Hezbollah supporters with sign featuring their leader Hassan Nasrallah

A war with Israel would shatter what’s left of Lebanon's economy

Lebanon has had no president for almost a year, is run by a temporary government, has rising inflation and poverty, and depleted foreign exchange reserves. Will economic considerations prevent Hezbollah from entering into a broad war with Israel?

In Lebanon, there is a growing fear of a significant flare-up, possibly leading to an all-out war between Hezbollah and Israel, amidst the ongoing conflict with Hamas in the Gaza Strip. The Lebanese border has remained tense since the fighting began on Saturday. Recent days have seen terrorist groups infiltrating from Lebanese territory, rocket attacks towards the Galilee, and the firing of anti-tank missiles and mortars at IDF posts along the border. On Monday, three Hezbollah operatives were killed in southern Lebanon by IDF forces.
The prevailing assessment until recently was that Hezbollah, facing internal pressures within the Lebanese system, was not interested in an all-out confrontation with Israel. However, recent events with Hamas have shown that relying on such conceptions regarding terrorist organizations' intentions is dangerous. Hezbollah's leader, Hassan Nasrallah, has also adopted a more aggressive rhetoric compared to previous years, especially in the past few months. On the other hand, Lebanese political figures, including interim Prime Minister Najib Mikati, have claimed to have received explicit assurances from Hezbollah leaders that the organization does not plan to engage in a campaign with Israel. However, such promises should be viewed cautiously.
1 View gallery
עצרת של חיזבאללה חסן נסראללה
עצרת של חיזבאללה חסן נסראללה
Hezbollah supporters with sign featuring their leader Hassan Nasrallah
(Photo: EPA)
The internal pressure on Hezbollah not to intervene in the fighting stems from the difficult political and economic situation in Lebanon and the fear that a large-scale campaign with Israel will lead to the complete collapse of what remains of the country's institutions and economy. As of today, Lebanon has been without a president for almost a year and is run by an interim government. In addition, as of last July, Lebanon does not have a permanent central bank governor after the previous governor exited following three decades and there is no agreement between the various political factions regarding his replacement. The political paralysis does not allow the Lebanese economy any chance to recover and this is why Lebanon fears that the situation will only worsen in the event of war.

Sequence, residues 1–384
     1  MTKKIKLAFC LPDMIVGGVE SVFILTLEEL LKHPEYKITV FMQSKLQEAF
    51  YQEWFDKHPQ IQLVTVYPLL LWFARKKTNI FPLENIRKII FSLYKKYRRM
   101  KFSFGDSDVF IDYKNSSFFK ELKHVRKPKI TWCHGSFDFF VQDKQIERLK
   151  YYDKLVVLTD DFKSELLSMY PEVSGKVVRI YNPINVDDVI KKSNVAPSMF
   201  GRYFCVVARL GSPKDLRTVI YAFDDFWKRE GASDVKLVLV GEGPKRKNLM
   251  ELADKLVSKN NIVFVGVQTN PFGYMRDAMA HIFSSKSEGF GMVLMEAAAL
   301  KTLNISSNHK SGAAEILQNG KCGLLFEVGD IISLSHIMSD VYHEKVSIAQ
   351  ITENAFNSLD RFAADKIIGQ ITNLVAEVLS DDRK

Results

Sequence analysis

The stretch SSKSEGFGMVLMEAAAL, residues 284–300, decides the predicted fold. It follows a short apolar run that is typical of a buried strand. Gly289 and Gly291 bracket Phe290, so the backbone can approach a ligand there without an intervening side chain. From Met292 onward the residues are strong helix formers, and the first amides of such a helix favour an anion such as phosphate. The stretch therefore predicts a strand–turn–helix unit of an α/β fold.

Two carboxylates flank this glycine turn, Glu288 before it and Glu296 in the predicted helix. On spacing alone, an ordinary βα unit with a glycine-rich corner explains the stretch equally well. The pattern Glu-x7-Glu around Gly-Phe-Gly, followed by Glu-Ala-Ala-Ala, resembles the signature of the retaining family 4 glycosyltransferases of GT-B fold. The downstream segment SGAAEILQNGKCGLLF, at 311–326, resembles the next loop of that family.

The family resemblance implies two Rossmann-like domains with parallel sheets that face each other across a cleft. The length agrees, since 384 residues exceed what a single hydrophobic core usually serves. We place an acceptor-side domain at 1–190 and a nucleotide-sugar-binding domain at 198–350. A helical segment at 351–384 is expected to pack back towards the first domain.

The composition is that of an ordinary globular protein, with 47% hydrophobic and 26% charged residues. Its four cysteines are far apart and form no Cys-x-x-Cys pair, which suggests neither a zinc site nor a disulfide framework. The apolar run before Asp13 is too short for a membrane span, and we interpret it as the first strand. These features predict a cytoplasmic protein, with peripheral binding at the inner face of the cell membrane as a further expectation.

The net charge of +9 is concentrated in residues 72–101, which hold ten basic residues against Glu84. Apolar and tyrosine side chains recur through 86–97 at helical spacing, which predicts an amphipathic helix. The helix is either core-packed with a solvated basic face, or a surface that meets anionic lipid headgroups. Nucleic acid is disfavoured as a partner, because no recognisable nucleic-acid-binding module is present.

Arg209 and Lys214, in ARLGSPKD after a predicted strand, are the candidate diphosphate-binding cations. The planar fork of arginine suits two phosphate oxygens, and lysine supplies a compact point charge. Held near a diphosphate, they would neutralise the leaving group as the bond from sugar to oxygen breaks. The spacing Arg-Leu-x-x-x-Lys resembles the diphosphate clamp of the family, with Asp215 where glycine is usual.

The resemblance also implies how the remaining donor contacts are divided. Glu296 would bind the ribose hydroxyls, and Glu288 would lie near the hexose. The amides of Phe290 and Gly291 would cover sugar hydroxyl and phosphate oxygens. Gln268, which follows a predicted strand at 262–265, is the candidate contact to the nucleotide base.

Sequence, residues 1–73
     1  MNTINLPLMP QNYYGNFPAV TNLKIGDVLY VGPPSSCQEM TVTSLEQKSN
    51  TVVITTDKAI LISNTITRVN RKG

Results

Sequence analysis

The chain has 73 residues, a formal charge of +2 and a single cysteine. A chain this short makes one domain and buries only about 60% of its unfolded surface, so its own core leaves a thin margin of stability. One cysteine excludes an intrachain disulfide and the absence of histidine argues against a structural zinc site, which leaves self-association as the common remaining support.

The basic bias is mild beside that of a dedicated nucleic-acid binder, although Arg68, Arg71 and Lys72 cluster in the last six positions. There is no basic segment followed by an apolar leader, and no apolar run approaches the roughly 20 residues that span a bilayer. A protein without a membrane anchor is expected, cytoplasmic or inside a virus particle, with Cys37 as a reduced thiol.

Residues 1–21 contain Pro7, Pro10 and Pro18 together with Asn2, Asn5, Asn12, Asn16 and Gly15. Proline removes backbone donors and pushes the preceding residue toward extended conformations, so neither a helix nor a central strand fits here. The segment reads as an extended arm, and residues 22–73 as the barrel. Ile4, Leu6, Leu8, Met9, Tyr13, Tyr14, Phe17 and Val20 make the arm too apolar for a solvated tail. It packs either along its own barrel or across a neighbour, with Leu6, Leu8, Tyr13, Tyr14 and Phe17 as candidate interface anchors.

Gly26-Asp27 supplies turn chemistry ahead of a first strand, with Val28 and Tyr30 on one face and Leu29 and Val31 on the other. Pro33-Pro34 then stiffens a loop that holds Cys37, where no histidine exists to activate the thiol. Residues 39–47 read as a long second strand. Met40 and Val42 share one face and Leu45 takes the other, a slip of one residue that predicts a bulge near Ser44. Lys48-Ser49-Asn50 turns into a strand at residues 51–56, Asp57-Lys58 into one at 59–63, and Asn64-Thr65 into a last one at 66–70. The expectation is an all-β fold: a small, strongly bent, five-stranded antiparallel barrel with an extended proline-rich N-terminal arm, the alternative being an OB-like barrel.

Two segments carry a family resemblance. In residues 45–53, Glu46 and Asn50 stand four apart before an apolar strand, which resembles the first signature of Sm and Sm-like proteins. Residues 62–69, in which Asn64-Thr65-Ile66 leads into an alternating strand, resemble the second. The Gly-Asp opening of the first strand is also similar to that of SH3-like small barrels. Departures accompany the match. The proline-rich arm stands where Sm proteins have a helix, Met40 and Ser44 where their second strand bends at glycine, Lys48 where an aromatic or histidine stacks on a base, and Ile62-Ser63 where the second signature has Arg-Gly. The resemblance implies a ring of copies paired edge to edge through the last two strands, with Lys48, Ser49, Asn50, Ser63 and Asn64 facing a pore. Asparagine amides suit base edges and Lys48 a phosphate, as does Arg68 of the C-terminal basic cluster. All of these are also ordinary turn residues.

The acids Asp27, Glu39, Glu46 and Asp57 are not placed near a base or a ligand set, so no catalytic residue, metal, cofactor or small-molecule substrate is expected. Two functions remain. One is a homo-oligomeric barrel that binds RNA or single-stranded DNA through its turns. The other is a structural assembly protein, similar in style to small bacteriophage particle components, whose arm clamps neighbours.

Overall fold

In recent days, quotes from economic circles have been published in the Lebanese media explaining why the Lebanese economy will not be able to withstand an all-out campaign against Israel. These publications are intended to try and put pressure on Nasrallah so that he does not escalate the situation.
Fear of American sanctions
Fear of American sanctions is also a concern. The massive damages expected from the war would strain Lebanon's ability to cover the costs, given that the foreign exchange reserves of the central bank currently stand at only $7 billion. This is in stark contrast to the $30 billion reserves in 2018 when the current economic crisis began in Lebanon. There is also the fear that Hezbollah's involvement in the conflict could trigger a strong American response and the imposition of harsh sanctions, potentially affecting remittances from Lebanese people living abroad, which account for 38% of the country's GDP.
Lebanon is wary of Israel's threats to set back the country "50 years" and the lasting damage caused to its infrastructure during the Second Lebanon War in 2006. Nasrallah himself expressed regret over the extent of destruction that war caused in Lebanon. The fear is that Israel will again target Lebanon's already neglected infrastructure.
If the conflict extends to the maritime domain, the drilling work in Lebanese Block 9, which holds economic potential following an agreement with Israel about a year ago, is likely to be halted. Lebanon is expected to announce by the end of the year whether there are commercial quantities in this reservoir, which is currently seen as Lebanon's sole economic horizon.
The infrastructure and the drilling are in danger
Damage to infrastructure could also occur at Beirut's international airport, the only airport in Lebanon. This would negatively impact one of the few sectors that managed to function this year in Lebanon - the tourism sector. In fact, last summer's tourism season saw success, with around 700,000 incoming tourists in August, marking a 25% increase compared to August 2022. Hotel occupancy rates reached about 70%. Lebanon had hoped for tourism revenues of approximately $9 billion this year, compared to $6.5 billion in 2022.
In conclusion, both Lebanon and Hezbollah understand the dire consequences of a war with Israel. It would worsen Lebanon's already high inflation rate, currently around 250% per year, increase poverty, which currently hovers around 80%, and further erode the purchasing power of the Lebanese population. The decision of whether these factors will prevent Hassan Nasrallah from ordering a conflict with Israel at the current point in time remains open and depends on the relationship between Beirut and Tehran.